You should also feel free to ask this question in return, says Graham. Since you probably won’t have the opportunity to see their office and get a sense of their work culture during your interview, it’s reasonable for you to ask how they’ve responded to the pandemic or raise other questions about their culture. Graham suggests asking questions like “Who are your heroes?” or “Who is rewarded at your organization?” She says, “Those types of things really get to the heart of the culture. So I think you need to do a little bit more work as a candidate to dig into that now.”
We miss a lot by not being able to see our potential workplace, and employers haven’t necessarily come up with a good solution for that, says Graham. “We’re all sort of evolving right now, and I think that puts a lot more onus on job seekers to get the information they need to make a good decision.” If you advance in the interview process, you should ask to meet some of your potential colleagues on Zoom to get more of a feel for the company. In addition, don’t be afraid to network and reach out to other people who’ve worked there to learn more about their experience.
Ultimately, you shouldn’t feel any more nervous about a Zoom interview than you would about a normal one. Video interviews can give you a lot more control over the space that you’re in. Plus, you won’t need to worry about navigating a new building or neighborhood or arriving there exactly the right amount of early. And just remember, says Graham: The employer has already selected you from their applicant pile, and they want to meet you. So bring your best self.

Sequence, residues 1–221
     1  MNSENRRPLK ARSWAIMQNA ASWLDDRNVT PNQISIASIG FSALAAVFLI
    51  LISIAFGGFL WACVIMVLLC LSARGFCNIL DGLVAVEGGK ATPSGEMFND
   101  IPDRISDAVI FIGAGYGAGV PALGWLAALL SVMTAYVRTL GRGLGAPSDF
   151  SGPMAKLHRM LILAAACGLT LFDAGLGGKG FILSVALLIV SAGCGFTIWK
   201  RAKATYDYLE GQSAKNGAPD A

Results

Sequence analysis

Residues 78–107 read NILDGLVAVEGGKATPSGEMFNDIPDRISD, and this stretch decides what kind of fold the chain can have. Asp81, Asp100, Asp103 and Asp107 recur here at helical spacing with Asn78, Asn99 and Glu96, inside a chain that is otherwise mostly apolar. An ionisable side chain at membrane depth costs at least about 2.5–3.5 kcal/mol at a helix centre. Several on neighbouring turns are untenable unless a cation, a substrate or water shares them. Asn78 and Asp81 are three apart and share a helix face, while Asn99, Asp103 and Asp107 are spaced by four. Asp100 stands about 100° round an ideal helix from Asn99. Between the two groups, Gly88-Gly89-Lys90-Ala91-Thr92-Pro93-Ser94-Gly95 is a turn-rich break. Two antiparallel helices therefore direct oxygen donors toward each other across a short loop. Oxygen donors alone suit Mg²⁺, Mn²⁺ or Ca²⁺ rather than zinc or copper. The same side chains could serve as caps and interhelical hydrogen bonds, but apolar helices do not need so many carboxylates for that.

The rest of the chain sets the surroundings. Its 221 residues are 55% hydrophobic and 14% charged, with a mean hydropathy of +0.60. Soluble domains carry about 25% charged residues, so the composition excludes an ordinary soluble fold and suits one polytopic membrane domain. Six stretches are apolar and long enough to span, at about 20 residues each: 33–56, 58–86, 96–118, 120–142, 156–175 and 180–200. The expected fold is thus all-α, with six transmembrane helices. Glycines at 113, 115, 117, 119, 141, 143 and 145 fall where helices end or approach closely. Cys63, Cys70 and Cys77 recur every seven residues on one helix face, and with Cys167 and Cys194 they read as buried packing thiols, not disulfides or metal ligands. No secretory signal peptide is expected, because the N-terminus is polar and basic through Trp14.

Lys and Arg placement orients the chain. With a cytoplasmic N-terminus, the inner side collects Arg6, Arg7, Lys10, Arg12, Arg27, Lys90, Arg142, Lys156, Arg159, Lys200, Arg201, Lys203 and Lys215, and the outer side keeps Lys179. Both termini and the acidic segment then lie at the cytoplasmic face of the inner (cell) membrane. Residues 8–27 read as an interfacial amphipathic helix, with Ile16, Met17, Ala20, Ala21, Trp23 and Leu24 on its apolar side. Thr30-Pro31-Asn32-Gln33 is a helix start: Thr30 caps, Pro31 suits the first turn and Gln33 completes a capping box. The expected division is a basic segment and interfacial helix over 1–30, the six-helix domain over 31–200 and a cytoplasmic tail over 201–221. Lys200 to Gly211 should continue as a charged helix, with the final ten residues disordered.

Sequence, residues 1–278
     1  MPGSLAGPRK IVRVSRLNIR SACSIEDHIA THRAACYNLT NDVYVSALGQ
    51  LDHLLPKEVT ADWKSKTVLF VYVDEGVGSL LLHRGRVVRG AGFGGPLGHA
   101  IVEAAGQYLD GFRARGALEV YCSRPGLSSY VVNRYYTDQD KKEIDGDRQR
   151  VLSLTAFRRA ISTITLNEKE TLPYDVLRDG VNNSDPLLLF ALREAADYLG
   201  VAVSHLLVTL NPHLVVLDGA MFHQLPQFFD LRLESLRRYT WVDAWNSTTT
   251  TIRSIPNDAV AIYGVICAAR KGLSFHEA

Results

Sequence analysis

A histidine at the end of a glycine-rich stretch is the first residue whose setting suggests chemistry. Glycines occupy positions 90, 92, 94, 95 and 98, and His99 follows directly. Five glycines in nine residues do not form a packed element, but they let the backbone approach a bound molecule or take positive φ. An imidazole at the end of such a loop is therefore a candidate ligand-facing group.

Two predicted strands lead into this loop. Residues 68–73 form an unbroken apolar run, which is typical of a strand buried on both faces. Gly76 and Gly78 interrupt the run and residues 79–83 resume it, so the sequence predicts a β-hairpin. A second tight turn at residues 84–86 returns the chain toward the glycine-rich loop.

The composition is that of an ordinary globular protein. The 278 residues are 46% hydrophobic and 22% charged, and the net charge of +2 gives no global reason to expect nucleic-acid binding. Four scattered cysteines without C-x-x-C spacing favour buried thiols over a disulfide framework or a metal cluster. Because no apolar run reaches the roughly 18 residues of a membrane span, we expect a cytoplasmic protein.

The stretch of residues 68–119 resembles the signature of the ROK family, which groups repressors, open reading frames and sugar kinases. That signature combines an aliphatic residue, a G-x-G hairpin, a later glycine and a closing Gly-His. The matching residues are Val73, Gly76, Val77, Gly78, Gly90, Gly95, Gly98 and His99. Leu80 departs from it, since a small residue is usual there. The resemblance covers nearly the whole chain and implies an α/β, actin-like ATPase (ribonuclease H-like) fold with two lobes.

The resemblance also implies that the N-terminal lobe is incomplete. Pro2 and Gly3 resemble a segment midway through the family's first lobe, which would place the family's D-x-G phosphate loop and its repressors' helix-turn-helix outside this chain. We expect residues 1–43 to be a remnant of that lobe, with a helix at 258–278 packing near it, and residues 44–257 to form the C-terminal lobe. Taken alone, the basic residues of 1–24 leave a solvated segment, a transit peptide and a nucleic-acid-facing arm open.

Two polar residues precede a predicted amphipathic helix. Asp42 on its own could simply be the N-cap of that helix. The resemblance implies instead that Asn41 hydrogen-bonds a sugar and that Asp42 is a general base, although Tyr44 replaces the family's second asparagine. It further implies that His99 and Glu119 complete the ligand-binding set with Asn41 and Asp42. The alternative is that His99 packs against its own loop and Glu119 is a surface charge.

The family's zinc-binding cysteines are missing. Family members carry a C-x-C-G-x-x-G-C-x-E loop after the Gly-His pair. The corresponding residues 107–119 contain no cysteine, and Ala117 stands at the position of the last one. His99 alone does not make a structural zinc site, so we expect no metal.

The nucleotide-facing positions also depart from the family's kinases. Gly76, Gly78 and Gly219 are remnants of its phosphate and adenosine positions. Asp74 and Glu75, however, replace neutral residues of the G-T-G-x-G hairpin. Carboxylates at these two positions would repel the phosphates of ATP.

Q1: What are some tips for a phone interview?
“I have a phone interview tomorrow with a large company. Do you have any tips or do’s and don’ts for a phone interview?” – LaQuita L.
Many of the ways you can succeed in a phone interview happen before you even get on the call. For one thing, it’s important that you find a quiet place with good service to make sure that you won’t be disrupted or distracted. Also, remember that even though this is a phone interview, you still have to exude confidence and enthusiasm. It may sound silly, but jump up and down or wave your arms in the air — do whatever you need to do to get your energy up. This will help you get into the right headspace to show the positive attitude interviewers are looking for.
One of the greatest things about a phone interview is that you can have your notes! So go ahead and create a list of the key points you want to mention, as well as the questions you plan to ask the interviewer.
A phone interview is very high-level kind of screening, used mostly to confirm certain parts of your experience and that you have the right skill set. Because of that, it’s pretty likely that you are going to be asked for the salary you’re looking to make. Make sure you’re prepared for this question by doing your research: There are great resources like Glassdoor that can help you find the going rate for the role and an idea of the salaries at that company. I always recommend going for a number a little lower in the average range because you’re just trying to get your foot in the door — you can continue the conversation further down the line when you get to the face-to-face interview and you know they are interested in you.
In a phone interview, it can be more difficult than usual to read the interviewer and get an idea of what he or she may be thinking. Because of that, take a moment every now and then to check in and make sure you are on the same page. A simple “Does that answer your question?” or “Does that make sense?” can go a long way.
Finally, remember that a phone interview is just like any other interview. You should always come prepared with questions to ask, and don’t forget to send a thank-you note once it’s all over.
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Q2: For my post-interview thank-you note, should I send a handwritten note or an email?